I can't tell you how many times I searched for this video when I've wanted to perk myself up. For cloistered nuns and solitarily confined criminals with no Internet access, this is the BBC interview with the expert on South Korea - Robert Kelly  It's the clip that keeps on giving. First it's young Marion trying out a comedy strut, then it's baby James entering on wheels, and finally it's their mother, Jung-a-Kim realising what's happened and trying to sort it. It never fails to make me howl.

3. Madeley and Partridge
It's been a long-held jape that Richard Madeley and Alan Partridge are the same person. Indeed, I've taken quizzes where I've read a statement and had to decide which of them said it for real. The fact that one of them is a fictional character and the other a DJ on North Norfolk Digital is neither here nor there. (See what I did there? Ha! I'm funny.) This clip is a recent addition to my brain-break video selection but fits in perfectly. Comedy gold.

4. Giggling Victoria
OK, I'll hold my hands up. This one might be a bit niche. If you don't know the quiz, Only Connect, you might not find this anywhere near as heart-warming or amusing as I do. But for those that do, the sight of the magnificent Victoria Coren Mitchell, losing her shit and laughing in the faces of the struggling quiz team is perfection. 

5. Jimmy and the Busker
I love this. Soz, but I just do. A lone busker singing an old Bronski Beat song in Berlin. A random guy walking his dog, stops and joins in. The busker takes the tune, the dog-walker takes the harmonies. They sing to the end. At that point the busker looks at his singing companion and realises it's... wait for it... the lead singer of Bronski Beat, Jimmy Somerville! Cue smiles, sighs and happiness from me, every single time.

6. Remember Henry Kelly?
This one should be classed under 'Comedy' and on one level it is. But that doesn't explain the goosebumps and nostalgia that the theme tune of Going for Gold brings. Relive your youth with this  - Ambassador, you are spoiling us! - theme music, and enjoy the verses, key changes, and what musician types refer to as 'the bridge'. It makes what was once an innocuous daytime quiz appear more like a motivational tool for Olympians and the armed forces. Listen and feel stirred.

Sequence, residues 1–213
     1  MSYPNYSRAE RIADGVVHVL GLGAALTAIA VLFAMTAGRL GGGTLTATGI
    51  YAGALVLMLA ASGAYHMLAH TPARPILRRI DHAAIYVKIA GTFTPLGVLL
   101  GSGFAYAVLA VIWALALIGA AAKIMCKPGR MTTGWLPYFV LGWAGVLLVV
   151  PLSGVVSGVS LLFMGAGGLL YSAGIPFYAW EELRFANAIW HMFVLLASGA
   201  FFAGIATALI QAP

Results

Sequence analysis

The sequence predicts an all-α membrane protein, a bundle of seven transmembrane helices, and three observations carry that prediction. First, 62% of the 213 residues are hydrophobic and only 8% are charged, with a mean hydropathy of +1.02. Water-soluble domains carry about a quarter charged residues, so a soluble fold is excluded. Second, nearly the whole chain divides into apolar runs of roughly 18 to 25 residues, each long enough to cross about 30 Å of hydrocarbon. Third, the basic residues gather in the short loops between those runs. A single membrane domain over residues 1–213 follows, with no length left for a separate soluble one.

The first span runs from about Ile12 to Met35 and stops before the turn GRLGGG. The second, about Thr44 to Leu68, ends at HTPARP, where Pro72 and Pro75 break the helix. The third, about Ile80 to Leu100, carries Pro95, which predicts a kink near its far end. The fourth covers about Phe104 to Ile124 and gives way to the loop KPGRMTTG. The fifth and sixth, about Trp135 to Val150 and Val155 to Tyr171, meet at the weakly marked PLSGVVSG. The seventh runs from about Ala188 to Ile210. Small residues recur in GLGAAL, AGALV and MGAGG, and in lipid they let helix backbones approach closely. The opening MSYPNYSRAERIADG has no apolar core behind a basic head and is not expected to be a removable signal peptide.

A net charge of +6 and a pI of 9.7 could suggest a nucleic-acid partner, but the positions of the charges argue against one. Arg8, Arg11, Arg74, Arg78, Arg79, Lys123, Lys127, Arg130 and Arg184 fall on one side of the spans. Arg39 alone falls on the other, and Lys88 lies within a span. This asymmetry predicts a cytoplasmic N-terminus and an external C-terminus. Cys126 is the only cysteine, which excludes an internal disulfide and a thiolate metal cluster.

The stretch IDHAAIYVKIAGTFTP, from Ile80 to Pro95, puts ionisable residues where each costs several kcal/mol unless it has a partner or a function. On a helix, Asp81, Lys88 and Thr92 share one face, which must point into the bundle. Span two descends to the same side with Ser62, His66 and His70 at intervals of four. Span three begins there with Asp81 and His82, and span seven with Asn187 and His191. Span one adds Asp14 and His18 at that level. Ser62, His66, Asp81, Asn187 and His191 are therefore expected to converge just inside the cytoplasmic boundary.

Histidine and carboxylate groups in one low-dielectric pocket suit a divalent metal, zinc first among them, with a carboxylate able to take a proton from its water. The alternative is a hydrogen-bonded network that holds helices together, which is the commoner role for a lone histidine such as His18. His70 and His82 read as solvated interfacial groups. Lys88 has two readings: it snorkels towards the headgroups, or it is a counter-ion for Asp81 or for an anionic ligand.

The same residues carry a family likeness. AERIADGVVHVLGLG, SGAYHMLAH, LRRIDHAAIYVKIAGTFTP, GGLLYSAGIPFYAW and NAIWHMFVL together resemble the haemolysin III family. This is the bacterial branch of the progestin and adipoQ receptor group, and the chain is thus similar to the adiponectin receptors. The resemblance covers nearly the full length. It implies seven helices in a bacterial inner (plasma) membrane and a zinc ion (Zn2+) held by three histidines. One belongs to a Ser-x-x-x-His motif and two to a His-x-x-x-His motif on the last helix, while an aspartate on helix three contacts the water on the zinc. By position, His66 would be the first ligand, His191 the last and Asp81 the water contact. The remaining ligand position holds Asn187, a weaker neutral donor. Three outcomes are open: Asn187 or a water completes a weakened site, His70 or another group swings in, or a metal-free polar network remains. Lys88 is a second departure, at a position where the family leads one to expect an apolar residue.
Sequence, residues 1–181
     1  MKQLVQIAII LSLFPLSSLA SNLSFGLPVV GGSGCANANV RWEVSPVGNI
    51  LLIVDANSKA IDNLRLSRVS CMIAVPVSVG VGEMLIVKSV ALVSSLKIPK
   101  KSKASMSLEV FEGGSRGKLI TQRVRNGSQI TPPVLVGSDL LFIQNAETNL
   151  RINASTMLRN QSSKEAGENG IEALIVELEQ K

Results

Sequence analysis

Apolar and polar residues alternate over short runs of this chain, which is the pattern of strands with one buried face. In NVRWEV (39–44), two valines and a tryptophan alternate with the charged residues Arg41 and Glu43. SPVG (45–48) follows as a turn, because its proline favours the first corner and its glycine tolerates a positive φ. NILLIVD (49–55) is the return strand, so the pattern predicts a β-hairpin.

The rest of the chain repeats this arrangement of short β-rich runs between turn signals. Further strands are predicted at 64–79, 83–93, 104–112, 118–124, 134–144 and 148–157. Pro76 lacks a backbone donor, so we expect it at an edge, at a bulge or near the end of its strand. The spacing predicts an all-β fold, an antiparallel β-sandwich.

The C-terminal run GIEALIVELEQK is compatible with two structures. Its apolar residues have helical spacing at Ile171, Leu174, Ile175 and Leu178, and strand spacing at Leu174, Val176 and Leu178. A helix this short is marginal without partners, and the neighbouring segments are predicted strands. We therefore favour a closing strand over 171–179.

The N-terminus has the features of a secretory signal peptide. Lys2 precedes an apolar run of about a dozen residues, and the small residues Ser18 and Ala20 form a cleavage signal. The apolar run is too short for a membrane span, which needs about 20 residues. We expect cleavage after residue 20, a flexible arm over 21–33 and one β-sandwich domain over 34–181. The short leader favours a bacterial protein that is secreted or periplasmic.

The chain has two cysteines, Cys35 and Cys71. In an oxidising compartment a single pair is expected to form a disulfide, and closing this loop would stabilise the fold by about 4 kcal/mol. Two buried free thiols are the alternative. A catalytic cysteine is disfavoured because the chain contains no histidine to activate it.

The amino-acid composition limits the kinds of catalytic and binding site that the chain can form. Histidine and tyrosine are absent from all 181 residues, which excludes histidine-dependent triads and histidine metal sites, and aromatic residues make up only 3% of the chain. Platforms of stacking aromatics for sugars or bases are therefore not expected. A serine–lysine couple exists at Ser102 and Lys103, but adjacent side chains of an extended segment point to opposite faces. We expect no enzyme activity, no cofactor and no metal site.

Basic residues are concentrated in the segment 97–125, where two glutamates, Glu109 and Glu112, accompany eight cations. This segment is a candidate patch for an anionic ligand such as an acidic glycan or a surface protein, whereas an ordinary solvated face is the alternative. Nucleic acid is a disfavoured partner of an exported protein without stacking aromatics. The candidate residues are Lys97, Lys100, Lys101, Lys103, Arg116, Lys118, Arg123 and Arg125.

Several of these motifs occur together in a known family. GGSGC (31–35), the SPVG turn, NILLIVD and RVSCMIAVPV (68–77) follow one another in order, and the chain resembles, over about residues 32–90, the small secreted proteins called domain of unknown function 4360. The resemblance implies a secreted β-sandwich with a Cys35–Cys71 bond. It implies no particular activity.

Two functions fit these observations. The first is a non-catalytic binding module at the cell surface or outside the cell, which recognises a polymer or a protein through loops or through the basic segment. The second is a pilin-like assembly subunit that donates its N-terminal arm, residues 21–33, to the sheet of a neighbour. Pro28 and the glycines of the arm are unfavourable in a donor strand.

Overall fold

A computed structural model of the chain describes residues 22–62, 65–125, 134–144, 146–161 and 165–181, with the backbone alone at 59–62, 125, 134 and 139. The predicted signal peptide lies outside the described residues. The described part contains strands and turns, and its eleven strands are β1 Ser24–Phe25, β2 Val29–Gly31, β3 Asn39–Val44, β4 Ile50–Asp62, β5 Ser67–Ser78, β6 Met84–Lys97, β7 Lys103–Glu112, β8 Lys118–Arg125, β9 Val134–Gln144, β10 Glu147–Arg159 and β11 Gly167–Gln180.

7. Satire at Eurovision
I know, I know. It's done for another year, I have to get over it. But look, this is funny for ESC haters as well as those of us that love it. One of the Swedish interval acts in 2016 was this beauty. Taking the absolute piss out of the entire shebang, the hosts - Petra and Måns - delivered a song and dance belter, with cracking lyrics and a tonne of in-jokes. The result was a brilliant song that was a gazillion times more enjoyable than the eventual winning entry that year. #imho #sorrynotsorry

8. Our Graham with a Quick Reminder
Nearly there folks, last but not least we have this offering. I've alluded to this opinion before, but it bears repeating. Graham Norton is marvellous. He is so marvellous that I never think of him as a person in his own right but as an institution. He is always there, solid, commanding and reliable. I know it's Friday night because his TV show is on and I know it's Saturday morning because his radio show is on. My weekend involves four hours of his entertaining output and I wouldn't have it any other way. But it's easy to take him for granted. Luckily the National Television Awards have not, and in 2017 he got a special award. There are a couple of things to note about this clip - the one that was played immediately before he received the award. First of all, his career has been so much more than a chat show and a radio show. I know that on one level but forget it on another. The other point to make is that watching Graham's reaction to the celebrities singing his praises, is properly lovely. And when his Mum rocks up, it's perfect. Knock yourself out and enjoy.

So, I've either shared a bunch of links you'll never bother to click, or I've just perked your morning up no end. I hope it's the latter, and that now you're mentally rejuvenated, you can crack on with whatever your day requires. 

Have a lovely week, folks.

Monday, 4 June 2018

Keeping it Real on Insta...

I'm not going to lie. I'm still struggling with Instagram.

In terms of breaking global news, I appreciate this isn't much of an issue. But honestly, it's taking me ages to find a comfortable position in which to embrace the photo-posting app into my hectic online life.